The Bitter Sweet Times as a Teacher in Provincial Gambia
Teaching is one of the world’s most noble jobs. To become a qualified teacher, one has to undergo a rigorous training process in a certified or recognised institution. My case wasn’t an exception as I got enrolled into The Gambia College in 2014. It wasn’t a decision I so much wished and cherished for at the initial stage for I never for once thought of becoming a teacher. While at The Gambia College, I comported myself well as a good student should and my works were timely done thus enhancing and smoothening my humble journey of becoming a qualified teacher. This did not come without enormous challenges or hurdles I grappled with in pursuant of knowledge at the said institution. But that is how life tells its story; that it is a place where man must struggle to make ends meet.
On a very humid day, I was having a nap shortly after lunch; the sound of my phone ring sent an impulse into my veins and my eyes suddenly went open. A familiar voice sounded and told me to check my place of posting via the Qcell electronic postings checking system. Mind you! This couldn’t have come at a time when one hasn’t completed all the rituals of becoming a qualified teacher at The Gambia College. My heart started to protest against my ribs up to an extent I thought I wouldn’t survive through the day simply for the fear of being posted far. My fear wasn’t ludicrous for I was born, bread and buttered within the Kombos. For all my life I didn’t have a chance to experience life in provincial Gambia before my posting.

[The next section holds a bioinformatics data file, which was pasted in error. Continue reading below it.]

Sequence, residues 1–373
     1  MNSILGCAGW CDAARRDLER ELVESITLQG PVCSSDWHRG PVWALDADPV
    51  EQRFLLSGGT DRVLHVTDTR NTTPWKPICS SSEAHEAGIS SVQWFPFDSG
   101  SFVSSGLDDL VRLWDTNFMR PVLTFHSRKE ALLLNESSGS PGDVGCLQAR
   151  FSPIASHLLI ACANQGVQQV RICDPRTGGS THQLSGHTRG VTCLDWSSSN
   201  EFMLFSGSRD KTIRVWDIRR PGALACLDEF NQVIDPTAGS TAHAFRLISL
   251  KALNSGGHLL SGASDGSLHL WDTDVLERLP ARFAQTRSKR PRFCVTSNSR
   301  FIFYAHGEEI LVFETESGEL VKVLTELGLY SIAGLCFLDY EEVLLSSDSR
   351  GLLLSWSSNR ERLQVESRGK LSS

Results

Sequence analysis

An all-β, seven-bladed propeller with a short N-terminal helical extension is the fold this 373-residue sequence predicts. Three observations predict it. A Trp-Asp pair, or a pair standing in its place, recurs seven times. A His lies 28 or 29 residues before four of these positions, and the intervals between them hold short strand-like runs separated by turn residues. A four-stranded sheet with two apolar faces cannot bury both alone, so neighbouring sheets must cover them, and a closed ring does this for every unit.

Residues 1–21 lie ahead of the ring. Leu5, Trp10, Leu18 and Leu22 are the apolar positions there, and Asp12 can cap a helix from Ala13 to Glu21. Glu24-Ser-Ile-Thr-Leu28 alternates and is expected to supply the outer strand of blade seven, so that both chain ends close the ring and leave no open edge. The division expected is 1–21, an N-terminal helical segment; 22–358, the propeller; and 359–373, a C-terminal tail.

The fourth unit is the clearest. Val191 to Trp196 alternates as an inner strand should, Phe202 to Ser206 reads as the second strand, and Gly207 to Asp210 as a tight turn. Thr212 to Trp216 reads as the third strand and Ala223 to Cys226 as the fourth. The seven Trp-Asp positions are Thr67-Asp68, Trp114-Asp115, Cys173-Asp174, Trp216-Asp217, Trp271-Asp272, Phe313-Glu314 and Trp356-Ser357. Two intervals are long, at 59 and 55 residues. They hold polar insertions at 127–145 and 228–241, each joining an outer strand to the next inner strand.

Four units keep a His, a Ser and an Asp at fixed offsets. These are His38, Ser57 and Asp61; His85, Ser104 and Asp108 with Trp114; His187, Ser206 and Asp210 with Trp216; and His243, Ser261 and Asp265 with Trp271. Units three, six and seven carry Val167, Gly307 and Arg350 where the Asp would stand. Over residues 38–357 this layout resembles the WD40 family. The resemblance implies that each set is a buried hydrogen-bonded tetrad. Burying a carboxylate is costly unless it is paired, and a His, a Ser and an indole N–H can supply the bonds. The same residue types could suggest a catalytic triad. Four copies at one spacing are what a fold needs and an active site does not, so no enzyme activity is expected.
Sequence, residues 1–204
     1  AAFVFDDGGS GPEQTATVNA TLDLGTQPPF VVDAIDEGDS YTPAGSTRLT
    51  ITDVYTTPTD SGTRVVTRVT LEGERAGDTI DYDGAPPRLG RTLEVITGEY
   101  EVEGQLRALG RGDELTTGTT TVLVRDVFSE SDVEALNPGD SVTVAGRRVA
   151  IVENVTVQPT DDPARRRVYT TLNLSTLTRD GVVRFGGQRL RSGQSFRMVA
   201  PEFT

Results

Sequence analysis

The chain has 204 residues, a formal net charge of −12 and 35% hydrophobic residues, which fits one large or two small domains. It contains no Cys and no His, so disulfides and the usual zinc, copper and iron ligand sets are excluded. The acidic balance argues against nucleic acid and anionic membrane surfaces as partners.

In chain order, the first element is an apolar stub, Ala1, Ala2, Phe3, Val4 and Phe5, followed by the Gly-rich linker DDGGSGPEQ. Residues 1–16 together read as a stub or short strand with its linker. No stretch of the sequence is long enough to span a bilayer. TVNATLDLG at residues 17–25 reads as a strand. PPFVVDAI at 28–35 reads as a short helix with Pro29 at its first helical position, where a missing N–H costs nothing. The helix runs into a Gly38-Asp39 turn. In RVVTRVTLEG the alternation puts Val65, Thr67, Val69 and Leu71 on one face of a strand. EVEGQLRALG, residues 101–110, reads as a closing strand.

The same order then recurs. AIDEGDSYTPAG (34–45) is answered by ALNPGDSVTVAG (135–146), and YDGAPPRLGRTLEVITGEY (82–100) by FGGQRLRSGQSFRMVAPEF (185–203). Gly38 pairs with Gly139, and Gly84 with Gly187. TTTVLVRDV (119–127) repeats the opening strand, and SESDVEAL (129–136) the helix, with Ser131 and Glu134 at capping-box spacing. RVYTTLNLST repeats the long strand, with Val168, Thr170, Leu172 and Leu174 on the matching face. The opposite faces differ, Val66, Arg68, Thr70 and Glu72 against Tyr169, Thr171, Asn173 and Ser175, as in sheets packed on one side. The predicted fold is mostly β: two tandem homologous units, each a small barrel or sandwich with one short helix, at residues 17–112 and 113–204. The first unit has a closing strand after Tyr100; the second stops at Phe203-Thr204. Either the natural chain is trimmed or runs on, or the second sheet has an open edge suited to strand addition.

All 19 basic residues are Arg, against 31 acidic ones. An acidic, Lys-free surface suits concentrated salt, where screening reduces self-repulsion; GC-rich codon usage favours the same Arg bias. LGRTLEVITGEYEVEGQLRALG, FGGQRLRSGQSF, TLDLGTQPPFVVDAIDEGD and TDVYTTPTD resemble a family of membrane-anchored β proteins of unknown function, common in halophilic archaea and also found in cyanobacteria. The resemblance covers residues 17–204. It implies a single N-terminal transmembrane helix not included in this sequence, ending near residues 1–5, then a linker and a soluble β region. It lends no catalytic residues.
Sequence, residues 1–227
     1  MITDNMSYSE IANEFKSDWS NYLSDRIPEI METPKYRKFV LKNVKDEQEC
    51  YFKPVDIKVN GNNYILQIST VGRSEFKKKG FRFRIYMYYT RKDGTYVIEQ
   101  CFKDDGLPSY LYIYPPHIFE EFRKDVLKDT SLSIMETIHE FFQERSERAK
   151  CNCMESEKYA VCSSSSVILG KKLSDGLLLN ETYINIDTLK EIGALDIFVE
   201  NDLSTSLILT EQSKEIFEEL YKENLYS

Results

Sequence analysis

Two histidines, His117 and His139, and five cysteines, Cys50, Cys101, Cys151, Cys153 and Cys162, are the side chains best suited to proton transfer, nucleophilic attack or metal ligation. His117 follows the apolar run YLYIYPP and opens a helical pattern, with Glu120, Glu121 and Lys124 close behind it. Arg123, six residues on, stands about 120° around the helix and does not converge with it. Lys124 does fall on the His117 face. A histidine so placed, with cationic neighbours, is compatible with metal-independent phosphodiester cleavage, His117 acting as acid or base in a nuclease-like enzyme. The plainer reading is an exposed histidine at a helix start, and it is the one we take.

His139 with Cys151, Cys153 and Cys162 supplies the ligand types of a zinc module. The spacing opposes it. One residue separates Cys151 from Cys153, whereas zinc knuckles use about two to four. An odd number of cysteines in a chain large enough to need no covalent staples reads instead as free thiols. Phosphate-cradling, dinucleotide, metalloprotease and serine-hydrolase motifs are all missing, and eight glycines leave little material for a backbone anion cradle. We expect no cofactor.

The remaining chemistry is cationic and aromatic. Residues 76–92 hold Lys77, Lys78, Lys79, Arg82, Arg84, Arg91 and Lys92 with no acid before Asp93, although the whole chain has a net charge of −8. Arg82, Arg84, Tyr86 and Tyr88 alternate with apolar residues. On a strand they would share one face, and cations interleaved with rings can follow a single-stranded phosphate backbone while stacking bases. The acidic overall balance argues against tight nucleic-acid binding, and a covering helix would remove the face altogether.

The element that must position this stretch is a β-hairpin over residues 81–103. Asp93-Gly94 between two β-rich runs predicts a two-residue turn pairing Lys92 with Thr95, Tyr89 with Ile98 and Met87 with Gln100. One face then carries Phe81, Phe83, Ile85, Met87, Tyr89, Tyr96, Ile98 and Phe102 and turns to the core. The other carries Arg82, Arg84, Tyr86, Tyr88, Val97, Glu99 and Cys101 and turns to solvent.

Following the 445 procedure, a text message landed me in an unknown destination, Kulari, RED 6, Upper River Region. Why was I sweating profusely in that humid day upon consulting my phone? The answer is simple I didn’t want to be posted far and after series of enquiries, none could locate Kulari for me until uncle Google came to my aid. This compounded my fears.
“It is national work at hand, go serve the less privileged and God will do you countless favours my child. ” “Those children out there gigantically need your help and it won’t be fair enough if you decide to quit or seek favours from others to stick around.” Another said, ” remember someone once came from a land afar and moulded you into the being you are today with God’s help, so it is time to reciprocate.” Those lines by my family members kept resonating in my ears until I went deaf and unconscious. By the time I regained myself, I realised the true value of family and having to march hurriedly to any part of the country thus contributing my quota to national development.